As personal computing technology became more compact and powerful, with extensive storage capabilities, these devices became capable of storing all the aeronautical charts for the entire world on a single three-pound (1.4 kg) computer, compared to the 80 lb (36 kg) of paper normally required for worldwide paper charts. New technologies such as real-time satellite weather and integration with GPS have further expanded the capabilities of electronic flight bags. However, for large commercial airlines, the primary problem with EFB systems is not the hardware on the aircraft, but the means to reliably and efficiently distribute content updates to the airplane.
While the adoption rate of the Electronic Flight Bag technology has been arguably slow among large scheduled air carriers, corporate operators have been rapidly deploying EFBs since 1999 due to reduced regulatory burden and easier cost justification.
The Air Force Special Operations Command purchased an initial supply of over 3,000 iPad-based EFBs which were globally fielded in July 2012. In a similar acquisition, Air Mobility Command initiated a contract for up to 18,000 iPad-based EFBs. The Air Force Special Operations Command internally developed a secure method of transferring the National Geo-Spatial Intelligence Agency's (NGA) monthly Flight Information Publications (FLIP) dataset to all its users worldwide. Both Major Commands (MAJCOMs) pursued independent efforts to ensure continuous Ops for their aircrew. As a result of these pioneering successes, the DoD is now coordinating efforts for widespread, consolidated implementation of the EFB concept.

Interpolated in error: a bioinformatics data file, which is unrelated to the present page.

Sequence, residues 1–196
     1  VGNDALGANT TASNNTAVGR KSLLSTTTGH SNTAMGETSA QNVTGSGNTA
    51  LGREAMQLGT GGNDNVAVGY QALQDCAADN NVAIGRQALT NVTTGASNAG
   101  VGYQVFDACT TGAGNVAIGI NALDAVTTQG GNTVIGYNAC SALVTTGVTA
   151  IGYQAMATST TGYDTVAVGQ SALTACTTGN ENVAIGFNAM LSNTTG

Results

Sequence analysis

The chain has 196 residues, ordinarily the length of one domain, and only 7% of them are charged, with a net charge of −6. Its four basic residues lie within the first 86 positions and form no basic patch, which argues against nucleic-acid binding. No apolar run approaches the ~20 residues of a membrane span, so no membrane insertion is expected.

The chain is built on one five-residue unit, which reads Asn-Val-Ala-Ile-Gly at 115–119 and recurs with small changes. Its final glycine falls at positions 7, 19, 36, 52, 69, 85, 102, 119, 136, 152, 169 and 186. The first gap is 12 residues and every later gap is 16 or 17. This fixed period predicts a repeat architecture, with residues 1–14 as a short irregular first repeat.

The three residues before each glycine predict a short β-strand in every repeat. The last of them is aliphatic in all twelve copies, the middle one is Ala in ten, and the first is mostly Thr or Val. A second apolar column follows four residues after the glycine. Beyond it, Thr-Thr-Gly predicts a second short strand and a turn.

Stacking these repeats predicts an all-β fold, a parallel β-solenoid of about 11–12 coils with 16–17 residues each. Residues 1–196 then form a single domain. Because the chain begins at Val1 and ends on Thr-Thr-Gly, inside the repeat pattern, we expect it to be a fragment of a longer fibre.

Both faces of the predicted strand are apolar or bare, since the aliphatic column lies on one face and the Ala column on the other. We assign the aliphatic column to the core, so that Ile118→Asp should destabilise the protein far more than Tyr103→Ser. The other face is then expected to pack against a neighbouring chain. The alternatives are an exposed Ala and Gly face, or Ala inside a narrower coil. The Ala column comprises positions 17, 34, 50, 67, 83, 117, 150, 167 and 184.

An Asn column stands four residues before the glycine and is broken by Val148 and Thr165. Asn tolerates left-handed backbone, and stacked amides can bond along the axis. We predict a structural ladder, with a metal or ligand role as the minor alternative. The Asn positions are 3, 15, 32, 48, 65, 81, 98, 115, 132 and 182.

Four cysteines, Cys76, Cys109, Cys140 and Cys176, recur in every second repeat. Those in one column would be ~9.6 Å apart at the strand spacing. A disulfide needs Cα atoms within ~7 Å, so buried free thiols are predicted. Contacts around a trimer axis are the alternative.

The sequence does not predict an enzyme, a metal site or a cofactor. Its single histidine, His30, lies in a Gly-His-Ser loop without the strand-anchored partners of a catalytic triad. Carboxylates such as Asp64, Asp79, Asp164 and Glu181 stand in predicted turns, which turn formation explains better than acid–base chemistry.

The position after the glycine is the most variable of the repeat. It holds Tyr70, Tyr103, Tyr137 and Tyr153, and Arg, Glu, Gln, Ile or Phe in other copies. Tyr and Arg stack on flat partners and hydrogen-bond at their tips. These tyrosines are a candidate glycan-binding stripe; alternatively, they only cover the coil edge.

Electronic Flight Bags are divided into three hardware classes and three software types. Reference FAA Order 8900.1 FAA Inspector Handbook Guidance on FSIMS for the most recent and accurate descriptions:
EFB hardware classes include:
The EFB may host a wide array of applications, categorized in three software categories (Reference AC 120-76 as amended, for an actual list of examples):
Note: Type C applications are subject to airworthiness requirements, such as software certification. Type C applications must run on Class 3 EFB.
According to the FAA, Class 1, Class 2 and Class 3 EFB may act as a substitute for the paper manuals that pilots are otherwise required to carry with them. While Part 91 Operators (those not flying for hire, including private and corporate operators) can use their Pilot In Command (PIC) authority to approve the use of Class 1 and Class 2 EFBs (which are PEDs), operator with OpSpecs (Part 135, Part 121) must seek operational approval through the OpSpecs process.
EFB users and installers should be aware of recent, clarified guidance for FAA Inspectors. Draft guidance pertaining to EFB operational authorization and airworthiness/certification requirements is maintained by the FAA.
Clarifying the intent of FAA Advisory Circular AC 120-76A, new draft inspector handbook guidance includes the following requirements:
FAA rule 91.21 prohibits wireless and cellular electronics in aircraft while taxiing and in the air. 91.21 does allow pilots in command to allow non-transmitting devices in aircraft, but only after the PIC tests it under the guidelines of FAA 91.21(6).
There are many software options to create your own EFB, but most are made for T-PEDs, and as stated above, are prohibited in aircraft.
For historical reference on EFB market progression, also see: